Since modular is built in a factory settings, it is easy to see why they claim to produce less waste by setting aside their off-cuts and reusing it in other places or projects.

What they do not often tell you is that their modular structures use 20%-30% more raw materials than stick-built homes to withstand transportation.

Some will argue that on a stick-built construction site, one-third the materials are wasted through theft, water damage, or just tossed into the garbage bin.

Prefab Homes Ontario

 

Prefab Home is More “Green:”

“Green” is hot now, so the modular home manufacturers are jumping in and claiming advantage in the “green” department. Much of the green claims in prefab come from the lower waste claim.

The new one that we’ve been hearing more of lately is that the insulation is installed to better standards than site-built homes because of the superior labor and inspections put in place by the factories.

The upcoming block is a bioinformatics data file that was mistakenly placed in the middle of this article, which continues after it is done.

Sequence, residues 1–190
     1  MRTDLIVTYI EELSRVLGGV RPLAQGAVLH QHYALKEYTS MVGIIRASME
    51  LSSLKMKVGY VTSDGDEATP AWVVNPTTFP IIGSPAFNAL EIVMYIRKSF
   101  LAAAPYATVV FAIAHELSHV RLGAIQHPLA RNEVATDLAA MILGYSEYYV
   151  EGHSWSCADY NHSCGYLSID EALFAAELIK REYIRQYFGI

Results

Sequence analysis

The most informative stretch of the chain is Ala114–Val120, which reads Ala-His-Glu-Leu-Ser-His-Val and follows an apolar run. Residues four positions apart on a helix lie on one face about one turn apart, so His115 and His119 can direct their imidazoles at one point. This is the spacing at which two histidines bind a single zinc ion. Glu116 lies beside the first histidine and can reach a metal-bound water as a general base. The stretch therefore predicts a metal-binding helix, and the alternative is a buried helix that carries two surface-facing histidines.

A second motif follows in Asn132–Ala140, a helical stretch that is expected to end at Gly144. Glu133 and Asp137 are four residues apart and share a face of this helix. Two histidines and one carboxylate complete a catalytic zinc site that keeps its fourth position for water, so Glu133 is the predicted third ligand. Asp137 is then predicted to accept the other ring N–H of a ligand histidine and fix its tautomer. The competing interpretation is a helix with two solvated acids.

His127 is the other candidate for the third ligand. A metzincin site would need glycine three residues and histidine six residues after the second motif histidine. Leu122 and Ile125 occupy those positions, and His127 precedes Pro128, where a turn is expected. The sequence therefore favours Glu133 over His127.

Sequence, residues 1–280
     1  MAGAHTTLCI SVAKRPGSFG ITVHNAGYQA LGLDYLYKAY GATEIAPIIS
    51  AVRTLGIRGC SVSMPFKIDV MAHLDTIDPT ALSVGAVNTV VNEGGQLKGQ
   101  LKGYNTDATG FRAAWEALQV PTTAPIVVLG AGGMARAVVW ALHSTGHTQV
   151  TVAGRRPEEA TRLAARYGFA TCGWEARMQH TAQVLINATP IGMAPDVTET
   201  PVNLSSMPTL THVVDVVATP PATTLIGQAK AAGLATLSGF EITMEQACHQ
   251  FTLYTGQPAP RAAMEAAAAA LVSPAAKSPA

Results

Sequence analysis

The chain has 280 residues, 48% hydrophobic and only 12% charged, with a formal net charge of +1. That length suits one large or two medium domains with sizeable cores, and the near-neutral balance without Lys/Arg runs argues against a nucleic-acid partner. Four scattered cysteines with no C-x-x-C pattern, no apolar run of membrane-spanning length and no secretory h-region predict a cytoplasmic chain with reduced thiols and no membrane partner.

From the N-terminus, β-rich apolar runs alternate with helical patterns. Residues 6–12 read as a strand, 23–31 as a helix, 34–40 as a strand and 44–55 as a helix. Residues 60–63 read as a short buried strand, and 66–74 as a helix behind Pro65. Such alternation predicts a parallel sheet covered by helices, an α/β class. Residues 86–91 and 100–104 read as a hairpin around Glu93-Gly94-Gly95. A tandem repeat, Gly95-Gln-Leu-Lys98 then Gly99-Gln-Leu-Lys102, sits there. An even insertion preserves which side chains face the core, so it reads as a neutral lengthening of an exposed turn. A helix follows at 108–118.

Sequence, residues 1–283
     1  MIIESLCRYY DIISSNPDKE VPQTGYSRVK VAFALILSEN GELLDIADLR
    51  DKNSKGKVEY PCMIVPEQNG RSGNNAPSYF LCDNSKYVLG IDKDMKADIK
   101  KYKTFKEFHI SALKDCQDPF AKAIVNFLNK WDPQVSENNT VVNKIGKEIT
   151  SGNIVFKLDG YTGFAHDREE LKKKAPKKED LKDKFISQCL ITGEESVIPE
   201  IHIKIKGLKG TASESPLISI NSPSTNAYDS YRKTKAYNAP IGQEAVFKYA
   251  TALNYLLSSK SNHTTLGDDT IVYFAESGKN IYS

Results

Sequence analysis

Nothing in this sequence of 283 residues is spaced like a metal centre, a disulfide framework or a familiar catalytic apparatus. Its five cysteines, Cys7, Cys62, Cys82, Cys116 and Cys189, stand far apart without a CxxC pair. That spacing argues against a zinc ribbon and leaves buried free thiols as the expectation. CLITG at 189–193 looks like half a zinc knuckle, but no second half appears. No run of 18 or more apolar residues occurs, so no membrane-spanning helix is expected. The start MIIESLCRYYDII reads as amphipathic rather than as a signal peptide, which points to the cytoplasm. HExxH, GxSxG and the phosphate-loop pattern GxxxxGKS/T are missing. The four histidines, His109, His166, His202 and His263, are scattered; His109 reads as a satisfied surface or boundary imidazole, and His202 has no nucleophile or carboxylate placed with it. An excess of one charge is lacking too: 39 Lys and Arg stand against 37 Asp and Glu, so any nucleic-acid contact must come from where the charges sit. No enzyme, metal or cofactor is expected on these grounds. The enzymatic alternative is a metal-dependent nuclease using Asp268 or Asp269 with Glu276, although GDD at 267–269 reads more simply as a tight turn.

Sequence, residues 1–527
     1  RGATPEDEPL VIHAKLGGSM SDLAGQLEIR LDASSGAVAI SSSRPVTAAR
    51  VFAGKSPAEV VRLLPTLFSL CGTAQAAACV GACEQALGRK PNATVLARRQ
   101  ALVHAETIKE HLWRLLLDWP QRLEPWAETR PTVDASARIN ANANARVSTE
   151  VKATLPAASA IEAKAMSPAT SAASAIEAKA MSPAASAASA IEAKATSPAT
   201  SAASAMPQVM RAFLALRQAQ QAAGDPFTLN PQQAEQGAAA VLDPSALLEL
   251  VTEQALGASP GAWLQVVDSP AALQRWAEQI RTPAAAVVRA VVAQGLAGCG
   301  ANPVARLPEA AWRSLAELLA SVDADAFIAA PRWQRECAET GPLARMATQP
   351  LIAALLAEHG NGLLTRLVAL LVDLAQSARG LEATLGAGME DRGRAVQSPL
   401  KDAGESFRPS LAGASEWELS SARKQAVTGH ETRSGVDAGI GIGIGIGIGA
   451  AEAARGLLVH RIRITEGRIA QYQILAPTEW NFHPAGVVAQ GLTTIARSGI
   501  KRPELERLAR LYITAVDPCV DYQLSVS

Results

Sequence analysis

This seems like a weak claim for a number of reasons. Most prefab companies are still using loose, batt insulation that is often falling out of the framing by the time the modules reach the site. Batt insulation alone is not what is making the better green homes out there more energy efficient.

Also, in many cases, all of that house wrap that is supposed to be sealing up the home from the outside is tearing apart and falling off of the exterior by the time the modules reach their final resting spot.

Lastly, the extra framing we spoke about earlier is causing more thermal bridges in the building envelope.